"In such instances it is vital to have professional, independent investigators who have the experience and skills to deal with any situation that can be thrown at them with confidence and a 'no nonsense' attitude. What about vexatious complaints or complaints made in an attempt to seek attention? One manager, Anil*, was accused of breaching confidential information when he had congratulated a colleague, Helen* in the corridor, as he'd heard on the grapevine that she had been headhunted, and was moving on promotion to a rival.  As a result, Helen made a formal complaint.  During the investigation, Anil genuinely believed that others nearby had not overheard the conversation.  As a way forward, he proposed to HR that he should make a direct apology to Helen.  HR, after liaising, advised Anil that Helen was open to an apology.  Anil approached Helen several times to make arrangements for a coffee meeting to 'clear the air'.  On each occasion, Helen claimed she was 'too busy' and apparently did not want to meet Anil on a one-to-one basis. Anil reflected that whilst it is easy to raise a complaint to justify the complaint and provide evidence and, furthermore, to look at the person who is the subject of the complaint, is much harder."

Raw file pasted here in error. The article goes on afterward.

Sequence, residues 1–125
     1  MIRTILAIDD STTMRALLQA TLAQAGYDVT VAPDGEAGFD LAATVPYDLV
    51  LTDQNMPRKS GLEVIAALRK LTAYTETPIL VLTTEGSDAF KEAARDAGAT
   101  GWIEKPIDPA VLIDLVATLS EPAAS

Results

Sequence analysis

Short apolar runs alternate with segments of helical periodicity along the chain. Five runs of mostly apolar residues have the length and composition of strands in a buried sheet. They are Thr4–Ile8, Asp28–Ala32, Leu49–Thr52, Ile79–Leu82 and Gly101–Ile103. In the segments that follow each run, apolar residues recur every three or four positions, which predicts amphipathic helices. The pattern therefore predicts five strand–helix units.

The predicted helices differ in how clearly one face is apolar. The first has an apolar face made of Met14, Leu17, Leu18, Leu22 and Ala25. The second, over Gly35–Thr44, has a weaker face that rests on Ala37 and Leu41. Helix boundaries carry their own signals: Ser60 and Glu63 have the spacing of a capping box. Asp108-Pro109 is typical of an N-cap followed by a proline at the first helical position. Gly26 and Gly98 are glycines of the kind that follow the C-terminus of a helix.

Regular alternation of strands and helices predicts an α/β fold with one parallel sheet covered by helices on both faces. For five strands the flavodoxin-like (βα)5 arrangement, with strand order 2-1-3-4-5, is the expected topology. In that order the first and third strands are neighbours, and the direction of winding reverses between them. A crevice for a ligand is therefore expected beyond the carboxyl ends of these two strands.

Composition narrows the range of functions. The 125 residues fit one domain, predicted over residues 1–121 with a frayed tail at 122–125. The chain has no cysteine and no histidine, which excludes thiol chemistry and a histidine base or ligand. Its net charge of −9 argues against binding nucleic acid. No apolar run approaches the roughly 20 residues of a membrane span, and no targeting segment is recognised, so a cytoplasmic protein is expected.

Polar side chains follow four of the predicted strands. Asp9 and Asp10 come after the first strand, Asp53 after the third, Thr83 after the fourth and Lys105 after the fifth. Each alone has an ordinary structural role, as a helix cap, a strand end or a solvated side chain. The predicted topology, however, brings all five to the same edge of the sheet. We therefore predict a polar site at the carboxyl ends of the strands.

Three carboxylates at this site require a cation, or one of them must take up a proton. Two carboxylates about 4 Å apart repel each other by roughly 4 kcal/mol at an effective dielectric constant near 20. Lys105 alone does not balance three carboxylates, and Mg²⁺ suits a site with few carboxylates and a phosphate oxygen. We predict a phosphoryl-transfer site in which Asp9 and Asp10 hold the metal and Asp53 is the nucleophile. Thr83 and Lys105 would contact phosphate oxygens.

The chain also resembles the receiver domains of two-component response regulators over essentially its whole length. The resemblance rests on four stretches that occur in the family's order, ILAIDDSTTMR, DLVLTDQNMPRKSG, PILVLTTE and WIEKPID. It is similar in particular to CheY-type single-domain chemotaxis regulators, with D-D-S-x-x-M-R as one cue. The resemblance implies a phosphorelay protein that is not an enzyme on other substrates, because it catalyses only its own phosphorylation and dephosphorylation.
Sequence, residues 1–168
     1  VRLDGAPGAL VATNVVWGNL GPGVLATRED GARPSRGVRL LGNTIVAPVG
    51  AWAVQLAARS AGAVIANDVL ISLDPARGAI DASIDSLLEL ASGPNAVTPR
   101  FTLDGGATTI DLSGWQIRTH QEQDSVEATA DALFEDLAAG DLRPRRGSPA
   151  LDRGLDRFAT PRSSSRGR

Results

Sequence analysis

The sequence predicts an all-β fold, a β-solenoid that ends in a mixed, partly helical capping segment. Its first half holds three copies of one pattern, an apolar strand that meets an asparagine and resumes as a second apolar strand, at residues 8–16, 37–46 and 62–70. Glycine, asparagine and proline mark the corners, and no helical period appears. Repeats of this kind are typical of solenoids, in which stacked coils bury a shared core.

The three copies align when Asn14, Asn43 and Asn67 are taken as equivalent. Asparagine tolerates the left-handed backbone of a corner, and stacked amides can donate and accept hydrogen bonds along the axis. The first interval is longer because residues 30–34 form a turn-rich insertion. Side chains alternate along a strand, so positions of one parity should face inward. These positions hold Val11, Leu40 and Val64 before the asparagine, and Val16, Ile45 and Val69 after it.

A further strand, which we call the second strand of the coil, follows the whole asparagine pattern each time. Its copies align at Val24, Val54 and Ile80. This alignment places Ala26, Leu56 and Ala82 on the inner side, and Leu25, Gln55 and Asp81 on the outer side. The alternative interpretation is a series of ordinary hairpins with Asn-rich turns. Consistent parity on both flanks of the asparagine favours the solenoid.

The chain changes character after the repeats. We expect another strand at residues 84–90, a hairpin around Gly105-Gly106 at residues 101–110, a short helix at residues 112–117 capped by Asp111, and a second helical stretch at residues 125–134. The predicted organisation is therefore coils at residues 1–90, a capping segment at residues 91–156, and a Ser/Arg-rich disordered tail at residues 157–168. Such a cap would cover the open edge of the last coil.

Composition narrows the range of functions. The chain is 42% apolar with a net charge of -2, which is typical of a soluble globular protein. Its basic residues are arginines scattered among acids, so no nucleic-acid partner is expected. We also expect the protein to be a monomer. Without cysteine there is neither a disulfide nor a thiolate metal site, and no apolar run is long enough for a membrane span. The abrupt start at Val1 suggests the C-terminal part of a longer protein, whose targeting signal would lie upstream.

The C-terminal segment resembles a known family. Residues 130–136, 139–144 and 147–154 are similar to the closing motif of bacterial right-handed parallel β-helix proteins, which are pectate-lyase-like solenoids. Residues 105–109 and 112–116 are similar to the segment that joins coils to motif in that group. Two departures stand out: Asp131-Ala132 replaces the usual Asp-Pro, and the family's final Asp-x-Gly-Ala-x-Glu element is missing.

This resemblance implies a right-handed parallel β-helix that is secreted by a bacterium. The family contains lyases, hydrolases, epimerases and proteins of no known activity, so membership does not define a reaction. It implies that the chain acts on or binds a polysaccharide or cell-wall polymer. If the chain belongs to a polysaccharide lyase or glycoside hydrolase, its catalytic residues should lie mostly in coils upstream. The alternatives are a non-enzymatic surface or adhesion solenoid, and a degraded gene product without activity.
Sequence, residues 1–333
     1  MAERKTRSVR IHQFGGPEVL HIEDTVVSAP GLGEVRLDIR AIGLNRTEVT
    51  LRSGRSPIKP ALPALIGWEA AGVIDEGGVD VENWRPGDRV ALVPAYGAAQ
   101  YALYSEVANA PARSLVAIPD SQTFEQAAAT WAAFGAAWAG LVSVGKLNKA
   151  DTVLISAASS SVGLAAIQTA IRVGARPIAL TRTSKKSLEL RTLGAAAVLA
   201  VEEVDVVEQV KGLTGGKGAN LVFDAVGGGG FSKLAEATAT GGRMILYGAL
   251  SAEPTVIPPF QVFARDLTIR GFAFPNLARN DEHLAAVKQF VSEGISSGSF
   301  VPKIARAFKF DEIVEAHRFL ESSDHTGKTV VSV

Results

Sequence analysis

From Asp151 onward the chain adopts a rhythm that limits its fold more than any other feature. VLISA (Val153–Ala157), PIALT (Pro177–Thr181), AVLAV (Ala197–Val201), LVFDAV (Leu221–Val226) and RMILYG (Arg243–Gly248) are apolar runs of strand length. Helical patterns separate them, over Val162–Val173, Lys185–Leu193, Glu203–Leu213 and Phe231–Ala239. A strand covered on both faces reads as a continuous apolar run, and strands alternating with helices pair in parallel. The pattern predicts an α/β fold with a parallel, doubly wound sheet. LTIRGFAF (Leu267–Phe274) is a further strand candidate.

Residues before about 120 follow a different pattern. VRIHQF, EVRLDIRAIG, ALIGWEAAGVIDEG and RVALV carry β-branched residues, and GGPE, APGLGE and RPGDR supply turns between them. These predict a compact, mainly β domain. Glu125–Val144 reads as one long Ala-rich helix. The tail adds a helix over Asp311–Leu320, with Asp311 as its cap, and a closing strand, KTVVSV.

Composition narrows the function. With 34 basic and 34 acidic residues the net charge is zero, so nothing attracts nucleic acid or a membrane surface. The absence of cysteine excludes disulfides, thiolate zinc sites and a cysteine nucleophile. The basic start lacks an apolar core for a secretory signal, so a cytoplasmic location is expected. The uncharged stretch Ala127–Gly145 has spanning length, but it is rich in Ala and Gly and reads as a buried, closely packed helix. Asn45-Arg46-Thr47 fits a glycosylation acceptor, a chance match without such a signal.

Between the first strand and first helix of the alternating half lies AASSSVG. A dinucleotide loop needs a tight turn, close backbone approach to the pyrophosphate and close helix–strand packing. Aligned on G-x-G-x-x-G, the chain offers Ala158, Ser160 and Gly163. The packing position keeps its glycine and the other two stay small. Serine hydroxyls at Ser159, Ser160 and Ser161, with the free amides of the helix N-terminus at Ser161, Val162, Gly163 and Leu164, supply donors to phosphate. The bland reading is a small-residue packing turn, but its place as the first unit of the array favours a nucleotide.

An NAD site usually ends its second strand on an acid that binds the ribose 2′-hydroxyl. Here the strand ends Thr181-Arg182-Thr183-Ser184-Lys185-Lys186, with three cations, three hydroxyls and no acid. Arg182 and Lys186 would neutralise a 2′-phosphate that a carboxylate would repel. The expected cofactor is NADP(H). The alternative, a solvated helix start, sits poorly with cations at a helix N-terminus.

"Bullying is real.  It happens every day, at every level of organisations.  Only by dealing with it decisively, but discreetly, so that the suffering incurred by all concerned is minimised, can bullying be eradicated from an organisation's culture."

"It is important to differentiate between devastating actions of an intentional bully and the implications/consequences for a manager where allegations are dismissed and not upheld.  It is important to stamp out intentional bullying but it is equally essential to provide effective support for blameless managers cited as respondents.  The key concern is whether, by making the complaints procedures relatively accessible to all, we have developed a business culture where, if managers are accused of bullying and harassment they are treated as 'guilty unless proven innocent' rather than the other way around.  And, even if managers are proven to be innocent, is it impossible for the individual concerned not to lose their credibility and reputation, often built up over many years?"

* Names have been changed

Mud Sticks - to mean that people are likely to believe something bad that is said about another, even if it is not true.